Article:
Sometimes, the things God asks us to do seem ridiculous and without merit. They make no sense. His timing appears off. His request comes across as poorly thought out and sure to result in failure. But God always has a very good reason behind His will for us. His instructions are never spur-of-the-moment or impulsive. When God had told Jeremiah and the people of Judah, “For I know the plans I have for you, They are plans for good and not for disaster, to give you a future and a hope” (Jeremiah 29:11 NLT), He had meant it. He did have a plan. He does have a plan. And His long-term plan is one for good, not evil. Yes, they were going to suffer for a time. They would meet with disaster, but God intended to follow it up with a future filled with hope.

Notice how many ties in the passage God says, “I will…”.

“I will certainly bring my people back again from all the countries where I will scatter them in my fury.” – vs 37

I will bring them back to this very city and let them live in peace and safety. – vs 37

“I will be their God.” – vs 38

“I will give them one heart and one purpose: to worship me forever…” – vs 39

I will make an everlasting covenant with them…” – vs 40

I will never stop doing good for them.” – vs 40

I will put a desire in their hearts to worship me, and they will never leave me. – vs 40

I will find joy doing good for them and will faithfully and wholeheartedly replant them in this land. – vs 41

I will do all the good I have promised them. – vs 42

I will restore prosperity to them. I, the Lord, have spoken! – vs 44

God will. Those two simple words should be burned into our hearts as Christians. The story found in the book of Jeremiah should remind us that God keeps His word. He does what He says He is going to do. The very fact that Jerusalem was surrounded and on the brink of falling into the hands of the Babylonians was proof that God’s word could be trusted. Everything He had said would happen had happened. But it is essential to recognize that God was promising to do something miraculous in the future. There was a flip side to His message of pending doom. There was also future blessing coming. And much of God’s promises to Judah, as outlined in the book of Jeremiah, have yet to be fulfilled. They are still pending. Yes, the people did return from captivity. The people of Anathoth returned to their hometown. The property Jeremiah purchased regained its market value. But the nation of Israel would remain without a king. They would be without a standing army and a warrior to lead it. They would be easy pickings to any nation that viewed their land as a potential colonial possession. That’s how they eventually ended up under the control of Rome.

And even today, while Israel enjoys its status as a nation-state, they are still waiting the fulfillment of God’s promise. Yet, God has given His word that, one day, the Messiah will return to the land of promise and enter the city of Jerusalem, where He will set up His kingdom and rule from the throne of David.

For a child is born to us,
    a son is given to us.
The government will rest on his shoulders.
    And he will be called:
Wonderful Counselor, Mighty God,
    Everlasting Father, Prince of Peace.
His government and its peace
    will never end.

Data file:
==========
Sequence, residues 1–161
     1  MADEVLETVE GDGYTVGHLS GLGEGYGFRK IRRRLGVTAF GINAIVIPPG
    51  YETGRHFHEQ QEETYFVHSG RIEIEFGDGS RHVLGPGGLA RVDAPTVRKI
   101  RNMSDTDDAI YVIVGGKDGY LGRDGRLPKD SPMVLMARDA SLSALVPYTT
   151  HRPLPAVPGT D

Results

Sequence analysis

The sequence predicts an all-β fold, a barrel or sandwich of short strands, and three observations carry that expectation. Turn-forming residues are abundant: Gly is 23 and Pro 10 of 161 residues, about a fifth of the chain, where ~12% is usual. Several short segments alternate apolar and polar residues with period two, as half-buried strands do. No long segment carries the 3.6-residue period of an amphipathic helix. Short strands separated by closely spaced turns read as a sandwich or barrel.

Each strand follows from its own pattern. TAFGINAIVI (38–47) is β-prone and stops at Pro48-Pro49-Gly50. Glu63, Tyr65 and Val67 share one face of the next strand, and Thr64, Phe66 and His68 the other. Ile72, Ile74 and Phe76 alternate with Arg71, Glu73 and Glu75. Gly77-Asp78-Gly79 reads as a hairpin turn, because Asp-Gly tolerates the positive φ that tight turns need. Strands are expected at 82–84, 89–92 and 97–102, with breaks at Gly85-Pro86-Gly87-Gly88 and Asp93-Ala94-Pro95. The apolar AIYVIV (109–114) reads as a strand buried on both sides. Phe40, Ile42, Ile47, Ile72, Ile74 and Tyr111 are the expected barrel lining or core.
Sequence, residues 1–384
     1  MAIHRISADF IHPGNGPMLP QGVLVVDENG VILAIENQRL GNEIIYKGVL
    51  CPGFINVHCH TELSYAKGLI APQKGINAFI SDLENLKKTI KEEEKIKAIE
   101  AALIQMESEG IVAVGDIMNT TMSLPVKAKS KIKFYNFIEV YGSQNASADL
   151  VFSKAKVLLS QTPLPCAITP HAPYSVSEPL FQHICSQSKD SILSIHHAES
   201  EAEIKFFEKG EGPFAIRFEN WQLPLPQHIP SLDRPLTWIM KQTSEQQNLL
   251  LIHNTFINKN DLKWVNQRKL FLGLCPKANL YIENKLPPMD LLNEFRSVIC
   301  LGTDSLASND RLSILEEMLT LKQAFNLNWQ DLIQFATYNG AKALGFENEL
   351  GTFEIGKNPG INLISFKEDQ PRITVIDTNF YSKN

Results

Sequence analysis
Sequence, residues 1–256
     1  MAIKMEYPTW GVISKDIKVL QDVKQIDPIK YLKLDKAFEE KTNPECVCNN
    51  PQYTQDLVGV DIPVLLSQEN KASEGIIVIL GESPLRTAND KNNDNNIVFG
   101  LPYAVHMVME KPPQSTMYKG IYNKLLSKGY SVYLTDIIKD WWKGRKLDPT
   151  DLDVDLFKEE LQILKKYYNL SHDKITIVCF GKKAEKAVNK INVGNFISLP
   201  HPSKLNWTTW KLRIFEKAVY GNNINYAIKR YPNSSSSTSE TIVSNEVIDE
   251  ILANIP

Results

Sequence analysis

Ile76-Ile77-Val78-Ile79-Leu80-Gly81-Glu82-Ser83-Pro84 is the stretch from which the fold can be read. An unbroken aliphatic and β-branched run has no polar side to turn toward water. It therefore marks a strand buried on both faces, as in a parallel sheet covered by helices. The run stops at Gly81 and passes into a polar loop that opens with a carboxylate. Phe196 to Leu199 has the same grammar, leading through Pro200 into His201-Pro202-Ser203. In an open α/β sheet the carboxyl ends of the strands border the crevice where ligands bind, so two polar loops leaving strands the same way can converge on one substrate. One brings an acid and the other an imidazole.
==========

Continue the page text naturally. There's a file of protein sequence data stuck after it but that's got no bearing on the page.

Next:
He will rule with fairness and justice from the throne of his ancestor David
    for all eternity.
The passionate commitment of the Lord of Heaven’s Armies
    will make this happen! – Isaiah 9:6-7 NLT

Jesus fulfilled the first part of this prophecy when He came as a child in Bethlehem. But the second half of the prophecy will be fulfilled at His Second Coming. Back in chapter two of Jeremiah, God gave a prophetic word concerning the future state of Jerusalem.

“In that day Jerusalem will be known as ‘The Throne of the Lord.’ All nations will come there to honor the Lord. They will no longer stubbornly follow their own evil desires. In those days the people of Judah and Israel will return together from exile in the north. They will return to the land I gave your ancestors as an inheritance forever.” – Jeremiah 3:17-18 NLT

And the book of Daniel reveals another aspect of Jesus’ coming reign on earth.

I saw someone like a son of man coming with the clouds of heaven. He approached the Ancient One and was led into his presence. He was given authority, honor, and sovereignty over all the nations of the world, so that people of every race and nation and language would obey him. His rule is eternal—it will never end. His kingdom will never be destroyed. – Daniel 7:13-14 NLT

And Jesus would quote this very passage when referring to Himself and the final judgment of the nations.

“But when the Son of Man comes in his glory, and all the angels with him, then he will sit upon his glorious throne. All the nations will be gathered in his presence, and he will separate the people as a shepherd separates the sheep from the goats. – Matthew 25:31-32 NLT

God is not done. His plans for His people are not yet complete. There is an end to the story and it will result in God fulfilling every aspect of His promises to His people. In the meantime, we must wait. We must endure. We must face the trials and difficulties that come with living in a fallen world. Jeremiah would have to watch his beloved city destroyed and his friends and neighbors taken captive. He would have to witness the destruction and desecration of God’s temple. But He had personal assurance from God that fields would one day be bought and sold again in Judah. And one day the Messiah will return.

English Standard Version (ESV)
The Holy Bible, English Standard Version. ESV® Permanent Text Edition® (2016). Copyright © 2001 by Crossway Bibles, a publishing ministry of Good News Publishers.

New Living Translation (NLT)
Holy Bible, New Living Translation, copyright © 1996, 2004, 2015 by Tyndale House Foundation. Used by permission of Tyndale House Publishers Inc., Carol Stream, Illinois 60188. All rights reserved.

Copyright © 1993, 1994, 1995, 1996, 2000, 2001, 2002 by Eugene H. Peterson≠≠